Sorry for all the videos lately (even though I only post ones I think will be interesting), I have been under tremendous time constraints. However, I have an amazing investment that I hope to post today or tomorrow. It will be short and not very complicated, but the risk reward ratio is absurd.
I wanted to write a few articles about NY over the coming week. I live in NY so one may think these issues are local, but these thoughts and ssues apply nationwide.
At this year's annual Robin Hood conference, which was held virtually, the founder of the world's largest hedge fund, Ray Dalio, talked about asset bubbles and how investors could detect as well as deal with bubbles in the marketplace. Q1 2021 hedge fund letters, conferences and more Dalio believes that by studying past market cycles Read More
Timothy J. Considine, director of the Center for Energy Economics and Public Policy at the University of Wyoming, recently published a compilation titled “The Economic Opportunities of Shale Energy Development” which highlights the economic benefits New York would enjoy as a result of unlocking Marcellus reserves through the process of hydraulic fracturing.
Just to get a sense of the location of Marcellus take a look at this map:
According to the Department of Environmental Conservation of NY, the entire Marcellus Shale formation contains between 168 trillion to 516 trillion cubic feet of natural gas. To put it in perspective, NY currently uses 1.1 trillion cubic feet of natural gas a year. Therefore, NY could easily provide its own natural gas needs and be an exporter to other states in the New England area, and ship it all over the country and the world.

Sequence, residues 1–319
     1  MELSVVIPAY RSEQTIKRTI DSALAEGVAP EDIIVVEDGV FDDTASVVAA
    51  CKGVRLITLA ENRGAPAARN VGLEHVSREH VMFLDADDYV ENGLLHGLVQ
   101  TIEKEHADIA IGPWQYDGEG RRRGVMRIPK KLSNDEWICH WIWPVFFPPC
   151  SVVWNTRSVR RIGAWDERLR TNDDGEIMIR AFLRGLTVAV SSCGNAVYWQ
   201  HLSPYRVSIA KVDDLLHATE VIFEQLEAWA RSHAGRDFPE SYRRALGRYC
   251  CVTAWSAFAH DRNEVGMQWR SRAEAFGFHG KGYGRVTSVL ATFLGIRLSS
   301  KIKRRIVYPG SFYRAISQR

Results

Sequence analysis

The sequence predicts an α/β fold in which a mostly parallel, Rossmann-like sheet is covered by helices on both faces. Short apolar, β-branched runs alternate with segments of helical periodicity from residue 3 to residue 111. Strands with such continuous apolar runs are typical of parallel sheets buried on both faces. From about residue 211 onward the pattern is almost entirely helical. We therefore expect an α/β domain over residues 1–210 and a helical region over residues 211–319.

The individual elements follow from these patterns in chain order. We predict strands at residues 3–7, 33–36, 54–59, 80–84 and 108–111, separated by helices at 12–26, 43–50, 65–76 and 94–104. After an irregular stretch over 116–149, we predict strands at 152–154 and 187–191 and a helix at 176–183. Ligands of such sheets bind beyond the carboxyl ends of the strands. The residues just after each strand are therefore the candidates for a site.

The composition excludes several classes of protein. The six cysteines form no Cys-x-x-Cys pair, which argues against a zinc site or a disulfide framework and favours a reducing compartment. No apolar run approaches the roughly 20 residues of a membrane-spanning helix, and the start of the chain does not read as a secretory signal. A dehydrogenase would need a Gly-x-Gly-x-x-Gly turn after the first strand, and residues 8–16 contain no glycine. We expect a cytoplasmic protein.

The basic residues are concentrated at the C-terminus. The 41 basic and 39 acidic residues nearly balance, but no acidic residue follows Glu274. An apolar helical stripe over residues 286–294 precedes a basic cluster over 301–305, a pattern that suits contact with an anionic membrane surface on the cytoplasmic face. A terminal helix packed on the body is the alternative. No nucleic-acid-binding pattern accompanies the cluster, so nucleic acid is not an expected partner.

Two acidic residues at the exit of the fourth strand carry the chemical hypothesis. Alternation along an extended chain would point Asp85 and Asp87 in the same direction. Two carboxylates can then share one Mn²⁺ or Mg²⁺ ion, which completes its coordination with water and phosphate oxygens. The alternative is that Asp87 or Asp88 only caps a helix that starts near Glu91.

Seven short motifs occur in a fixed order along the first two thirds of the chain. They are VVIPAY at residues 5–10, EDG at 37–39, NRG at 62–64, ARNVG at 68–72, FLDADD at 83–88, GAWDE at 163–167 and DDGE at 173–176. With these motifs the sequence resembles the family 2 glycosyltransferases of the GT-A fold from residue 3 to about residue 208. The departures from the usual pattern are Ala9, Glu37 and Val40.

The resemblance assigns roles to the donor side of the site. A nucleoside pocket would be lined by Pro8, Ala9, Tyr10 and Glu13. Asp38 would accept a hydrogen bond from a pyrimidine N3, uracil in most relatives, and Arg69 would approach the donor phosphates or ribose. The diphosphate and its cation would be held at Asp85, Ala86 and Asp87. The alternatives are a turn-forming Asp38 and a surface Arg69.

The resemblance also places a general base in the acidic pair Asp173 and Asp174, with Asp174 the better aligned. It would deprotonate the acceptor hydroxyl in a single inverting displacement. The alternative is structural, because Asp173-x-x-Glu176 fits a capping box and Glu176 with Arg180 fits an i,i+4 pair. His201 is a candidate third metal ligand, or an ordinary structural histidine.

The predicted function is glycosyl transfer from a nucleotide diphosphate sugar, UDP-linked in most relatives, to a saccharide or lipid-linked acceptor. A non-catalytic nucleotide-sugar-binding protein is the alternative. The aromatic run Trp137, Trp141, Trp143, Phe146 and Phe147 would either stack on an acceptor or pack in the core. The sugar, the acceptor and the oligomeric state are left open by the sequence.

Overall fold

Hydraulic fracturing is a process which has long been adopted for drilling wells to extract Marcellus natural gas from under the ground. It is not the cost associated with the process, which is approximately 3 to 5 million per well, but the environmental concern that is serving as a hindrance towards reaping profits from this natural gas. In 2008, the ban on hydraulic fracturing was made effective considering the possibility of underground contamination of water.
This moratorium, which was an upgrade to drilling regulations, I believe is a mistake as the same process is being adopted to unlock Marcellus reserves in areas such as West Virginia and Pennsylvania. The fracking there is having an enviromental impact on New York’s water supply according to critics, so it makes no sense why NY would not take advantage of the shale gas, if the state is anyway being impacted. New York Attorney General Eric T. Schneiderman filed a suit in U.S. District Court recently alleging that Pennsylvania’s drilling has caused ““hundreds of violations of water pollution laws and the pollution of drinking water supplies relied on by hundreds of thousands of people” as a result of hydrofracking.” No regulation is perfect, but there is no reason that NY cannot also drill and have regulators that overseas safety issues.
On a side note, I see natural gas as the least of the worst alternatives. Nuclear energy is unsafe and no one wants it in their backyard. Coal, which supplys about 50% of America’s energy needs, is awful for health reasons both for the miners and anyone who lives within 30 miles of the plant (coal is also a leading cause of carbon dioxide, which causes global warming, a political topic I dare not venture in to :) ), green energy is very cost inefficient, and is currently such a small percentage of US energy production, that it would take decades to make a dent in total energy use. Oil has similar problems to coal, and the BP spill demonstrates the political risk that oil drilling companies could face. Natural gas is abundant (to say the least), cheap, and can be used in cars if T. Boone Pickens’ http://push.pickensplan.com/index.php is adapted. I think natural gas should be championed by most environmental groups.